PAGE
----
That’s the purpose of this blog. That’s why I’m writing it. The next question is why should you read it? You could, after all, go online right now and buy one or more of the many books that have been written on the subject by the recognized experts. You could attend a writers’ conference and sit through several sessions. You could actually take a class at a writing school or a university. (By the way, I’ve done all of these and if you have the time and inclination, I highly recommend them.) But . . . don’t you just love the word “but” . . . all of those lessons are either written or taught by people who have published dozens of books themselves. They are so far removed from the likes of you and me that they have forgotten what it is like to be a newbie. They are at a different level than us. We will get there, but let’s take it slow. And plus, reading this blog is free.

As a matter of disclosure, I am not an expert of any kind on the subject. I’m not an editor, publisher, a book promoter, or an award-winning author. I’m the guy you can point at and say, “If he can do it, I can do it. If he can do it, anybody can do it.”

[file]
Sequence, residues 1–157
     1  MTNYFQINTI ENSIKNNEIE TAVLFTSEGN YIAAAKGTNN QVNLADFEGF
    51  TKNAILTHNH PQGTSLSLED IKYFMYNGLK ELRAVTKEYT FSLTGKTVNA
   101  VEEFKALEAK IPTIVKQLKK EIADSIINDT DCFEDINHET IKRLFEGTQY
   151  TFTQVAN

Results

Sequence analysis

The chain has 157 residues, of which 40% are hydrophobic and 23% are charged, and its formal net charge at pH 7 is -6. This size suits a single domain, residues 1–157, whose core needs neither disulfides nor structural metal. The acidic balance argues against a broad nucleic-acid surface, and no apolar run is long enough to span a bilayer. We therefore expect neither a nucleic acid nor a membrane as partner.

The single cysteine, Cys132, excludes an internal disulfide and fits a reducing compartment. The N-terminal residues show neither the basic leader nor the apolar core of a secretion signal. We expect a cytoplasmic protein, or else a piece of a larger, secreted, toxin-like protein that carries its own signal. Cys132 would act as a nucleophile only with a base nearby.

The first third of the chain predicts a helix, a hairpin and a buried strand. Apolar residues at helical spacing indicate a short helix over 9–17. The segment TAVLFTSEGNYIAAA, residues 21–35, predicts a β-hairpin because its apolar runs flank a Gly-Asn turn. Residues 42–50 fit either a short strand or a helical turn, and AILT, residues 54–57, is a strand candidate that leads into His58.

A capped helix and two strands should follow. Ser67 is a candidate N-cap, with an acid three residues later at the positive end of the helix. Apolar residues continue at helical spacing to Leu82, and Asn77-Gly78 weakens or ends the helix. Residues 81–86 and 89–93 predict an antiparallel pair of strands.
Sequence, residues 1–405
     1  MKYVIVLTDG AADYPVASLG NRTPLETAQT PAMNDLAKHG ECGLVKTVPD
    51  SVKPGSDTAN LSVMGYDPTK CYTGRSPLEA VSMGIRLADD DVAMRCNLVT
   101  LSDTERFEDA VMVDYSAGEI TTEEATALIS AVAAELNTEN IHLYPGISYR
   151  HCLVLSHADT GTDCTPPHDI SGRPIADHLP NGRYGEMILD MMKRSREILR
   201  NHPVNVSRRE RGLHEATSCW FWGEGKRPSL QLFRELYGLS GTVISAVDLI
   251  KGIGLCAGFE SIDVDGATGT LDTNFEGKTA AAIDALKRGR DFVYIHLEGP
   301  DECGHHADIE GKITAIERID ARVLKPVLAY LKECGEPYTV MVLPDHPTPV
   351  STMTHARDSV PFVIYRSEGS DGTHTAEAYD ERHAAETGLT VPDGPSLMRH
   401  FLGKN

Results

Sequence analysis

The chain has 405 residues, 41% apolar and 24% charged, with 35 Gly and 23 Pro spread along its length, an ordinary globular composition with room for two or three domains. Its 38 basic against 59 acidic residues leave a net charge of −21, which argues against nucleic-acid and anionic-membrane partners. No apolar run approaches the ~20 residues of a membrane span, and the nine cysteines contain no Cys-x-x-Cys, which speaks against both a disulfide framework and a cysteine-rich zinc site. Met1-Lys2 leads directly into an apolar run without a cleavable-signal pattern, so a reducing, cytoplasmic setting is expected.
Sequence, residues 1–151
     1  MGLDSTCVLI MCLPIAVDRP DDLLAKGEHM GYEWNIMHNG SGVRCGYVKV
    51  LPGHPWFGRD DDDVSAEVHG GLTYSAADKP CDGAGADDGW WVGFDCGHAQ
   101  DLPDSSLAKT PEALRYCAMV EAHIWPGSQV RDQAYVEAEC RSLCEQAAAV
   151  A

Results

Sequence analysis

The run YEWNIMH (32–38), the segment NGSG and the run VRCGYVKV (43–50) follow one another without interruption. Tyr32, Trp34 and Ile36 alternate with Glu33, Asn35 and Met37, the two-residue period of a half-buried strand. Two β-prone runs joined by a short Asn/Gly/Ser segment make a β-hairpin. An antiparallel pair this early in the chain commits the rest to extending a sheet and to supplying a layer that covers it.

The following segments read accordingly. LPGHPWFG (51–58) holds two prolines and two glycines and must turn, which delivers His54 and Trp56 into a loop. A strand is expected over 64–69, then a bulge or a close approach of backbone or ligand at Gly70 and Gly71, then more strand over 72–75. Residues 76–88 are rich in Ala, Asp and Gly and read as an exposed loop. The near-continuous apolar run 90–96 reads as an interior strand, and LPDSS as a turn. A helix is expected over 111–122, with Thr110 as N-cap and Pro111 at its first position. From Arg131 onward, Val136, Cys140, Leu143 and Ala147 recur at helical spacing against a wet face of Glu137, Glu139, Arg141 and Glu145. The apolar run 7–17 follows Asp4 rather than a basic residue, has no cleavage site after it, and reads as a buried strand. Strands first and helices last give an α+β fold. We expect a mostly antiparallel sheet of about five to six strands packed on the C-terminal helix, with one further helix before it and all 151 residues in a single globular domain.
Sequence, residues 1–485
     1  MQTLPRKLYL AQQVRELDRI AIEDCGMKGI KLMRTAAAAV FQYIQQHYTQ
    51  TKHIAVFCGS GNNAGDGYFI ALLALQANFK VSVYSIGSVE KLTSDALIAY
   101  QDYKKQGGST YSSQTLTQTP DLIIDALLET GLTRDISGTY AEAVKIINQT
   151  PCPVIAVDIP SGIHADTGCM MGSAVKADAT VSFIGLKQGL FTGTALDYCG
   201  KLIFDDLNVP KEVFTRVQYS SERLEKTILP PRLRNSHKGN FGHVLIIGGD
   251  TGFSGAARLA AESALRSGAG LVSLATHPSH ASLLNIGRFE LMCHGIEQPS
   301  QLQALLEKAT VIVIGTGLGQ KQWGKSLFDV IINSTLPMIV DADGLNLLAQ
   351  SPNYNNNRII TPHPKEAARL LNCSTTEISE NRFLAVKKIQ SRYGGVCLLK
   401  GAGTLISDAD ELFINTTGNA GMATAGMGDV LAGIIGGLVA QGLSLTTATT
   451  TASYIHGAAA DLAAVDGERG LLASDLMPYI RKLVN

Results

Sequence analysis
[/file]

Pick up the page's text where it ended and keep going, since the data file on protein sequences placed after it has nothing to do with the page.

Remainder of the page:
Now let’s get back to the statistical analysis, and stop interrupting me. My coffee is getting cold. The point is this. For every person who writes a book and has it published, there are dozens who dream of doing just that and never do. Don’t be one of those guys. You can do this. Now, let’s get started.

Don’t be shy! Come on over and introduce yourself on my Facebook page and let me know if I can help!“I’ve always wanted to write a novel . . . How did you do it?”

Now that my first book has been published and is being read, mostly by people I’ve given free copies to, I get that question all the time. Of course, I would prefer to answer questions about my protagonist, a particular scene in the book, or whether I’m working on a sequel, but I understand why the question is being asked. I was asking it myself just one year ago.